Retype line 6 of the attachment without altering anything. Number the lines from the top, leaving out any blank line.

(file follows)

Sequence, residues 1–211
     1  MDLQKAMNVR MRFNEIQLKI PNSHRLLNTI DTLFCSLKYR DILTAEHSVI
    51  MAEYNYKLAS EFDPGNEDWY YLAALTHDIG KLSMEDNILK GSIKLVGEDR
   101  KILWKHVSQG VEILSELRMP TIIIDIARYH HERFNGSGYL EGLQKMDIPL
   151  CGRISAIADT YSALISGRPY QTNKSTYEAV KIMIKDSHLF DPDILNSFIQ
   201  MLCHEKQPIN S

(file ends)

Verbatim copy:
   201  MLCHEKQPIN S